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ERIC Number: EJ1051814
Record Type: Journal
Publication Date: 2014-Oct
Pages: 11
Abstractor: As Provided
ISSN: ISSN-0012-1649
Development of Attention Networks and Their Interactions in Childhood
Pozuelos, Joan P.; Paz-Alonso, Pedro M.; Castillo, Alejandro; Fuentes, Luis J.; Rueda, M. Rosario
Developmental Psychology, v50 n10 p2405-2415 Oct 2014
In the present study, we investigated developmental trajectories of alerting, orienting, and executive attention networks and their interactions over childhood. Two cross-sectional experiments were conducted with different samples of 6-to 12-year-old children using modified versions of the attention network task (ANT). In Experiment 1 (N = 106), alerting and orienting cues were independently manipulated, thus allowing examination of interactions between these 2 networks, as well as between them and the executive attention network. In Experiment 2 (N = 159), additional changes were made to the task in order to foster exogenous orienting cues. Results from both studies consistently revealed separate developmental trajectories for each attention network. Children younger than 7 years exhibited stronger benefits from having an alerting auditory signal prior to the target presentation. Developmental changes in orienting were mostly observed on response accuracy between middle and late childhood, whereas executive attention showed increases in efficiency between 7 years and older ages, and further improvements in late childhood. Of importance, across both experiments, significant interactions between alerting and orienting, as well as between each of these and the executive attention network, were observed. Alerting cues led to speeding shifts of attention and enhancing orienting processes. Also, both alerting and orienting cues modulated the magnitude of the flanker interference effect. These findings inform current theoretical models of human attention and its development, characterizing for the first time, the age-related course of attention networks interactions that, present in adults, stem from further refinements over childhood.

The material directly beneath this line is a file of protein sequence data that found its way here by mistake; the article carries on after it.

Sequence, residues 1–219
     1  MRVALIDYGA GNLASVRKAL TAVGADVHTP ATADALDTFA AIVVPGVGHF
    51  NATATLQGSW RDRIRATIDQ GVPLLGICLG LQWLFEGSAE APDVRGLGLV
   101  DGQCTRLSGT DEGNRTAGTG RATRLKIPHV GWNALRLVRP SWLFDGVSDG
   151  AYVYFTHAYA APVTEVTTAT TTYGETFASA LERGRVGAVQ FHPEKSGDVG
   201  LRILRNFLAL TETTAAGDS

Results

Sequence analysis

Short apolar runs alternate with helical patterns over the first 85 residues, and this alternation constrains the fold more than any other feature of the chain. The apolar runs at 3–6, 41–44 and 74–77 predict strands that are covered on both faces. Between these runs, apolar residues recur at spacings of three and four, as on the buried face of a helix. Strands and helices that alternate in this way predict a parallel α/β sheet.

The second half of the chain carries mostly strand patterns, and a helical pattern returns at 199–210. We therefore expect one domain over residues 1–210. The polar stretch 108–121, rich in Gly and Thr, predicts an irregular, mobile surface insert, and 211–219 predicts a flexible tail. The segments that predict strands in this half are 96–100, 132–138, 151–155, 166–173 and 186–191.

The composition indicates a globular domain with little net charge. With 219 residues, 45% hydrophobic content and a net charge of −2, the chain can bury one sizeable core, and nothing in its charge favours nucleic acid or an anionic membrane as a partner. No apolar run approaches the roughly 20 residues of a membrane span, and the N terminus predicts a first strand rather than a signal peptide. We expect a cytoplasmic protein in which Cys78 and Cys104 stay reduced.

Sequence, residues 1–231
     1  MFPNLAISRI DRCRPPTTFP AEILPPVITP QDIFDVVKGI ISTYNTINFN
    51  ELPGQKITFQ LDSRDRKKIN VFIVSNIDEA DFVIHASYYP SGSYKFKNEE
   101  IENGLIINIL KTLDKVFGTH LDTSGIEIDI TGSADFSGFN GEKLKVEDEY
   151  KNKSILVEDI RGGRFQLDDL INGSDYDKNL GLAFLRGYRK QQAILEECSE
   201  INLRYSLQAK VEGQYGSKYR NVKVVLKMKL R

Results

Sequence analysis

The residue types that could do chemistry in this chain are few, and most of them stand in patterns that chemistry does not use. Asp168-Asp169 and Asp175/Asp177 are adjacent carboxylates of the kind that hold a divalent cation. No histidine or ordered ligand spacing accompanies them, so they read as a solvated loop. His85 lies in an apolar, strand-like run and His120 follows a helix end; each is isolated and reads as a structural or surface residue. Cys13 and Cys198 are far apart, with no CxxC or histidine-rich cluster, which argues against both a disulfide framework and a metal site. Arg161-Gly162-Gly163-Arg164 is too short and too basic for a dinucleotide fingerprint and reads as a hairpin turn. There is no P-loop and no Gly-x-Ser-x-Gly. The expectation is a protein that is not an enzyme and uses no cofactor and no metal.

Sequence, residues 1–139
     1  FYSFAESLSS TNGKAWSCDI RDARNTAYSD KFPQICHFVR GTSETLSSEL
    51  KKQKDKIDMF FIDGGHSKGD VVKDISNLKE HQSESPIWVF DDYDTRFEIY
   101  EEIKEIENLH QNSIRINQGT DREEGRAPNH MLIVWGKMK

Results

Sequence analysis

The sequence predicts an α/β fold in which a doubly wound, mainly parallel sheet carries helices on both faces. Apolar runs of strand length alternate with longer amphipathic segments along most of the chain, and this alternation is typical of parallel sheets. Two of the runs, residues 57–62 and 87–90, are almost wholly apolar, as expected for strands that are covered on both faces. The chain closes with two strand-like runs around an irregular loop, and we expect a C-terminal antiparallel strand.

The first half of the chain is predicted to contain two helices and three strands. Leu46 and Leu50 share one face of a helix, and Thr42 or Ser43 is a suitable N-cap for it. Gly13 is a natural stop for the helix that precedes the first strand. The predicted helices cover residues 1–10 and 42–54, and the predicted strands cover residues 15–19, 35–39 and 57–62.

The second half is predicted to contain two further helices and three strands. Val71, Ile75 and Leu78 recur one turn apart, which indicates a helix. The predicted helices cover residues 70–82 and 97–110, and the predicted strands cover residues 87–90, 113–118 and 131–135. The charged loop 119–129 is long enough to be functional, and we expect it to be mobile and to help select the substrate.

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Publication Type: Journal Articles; Reports - Research
Education Level: N/A
Audience: N/A
Language: English
Sponsor: N/A
Authoring Institution: N/A
Identifiers - Location: Spain
Grant or Contract Numbers: N/A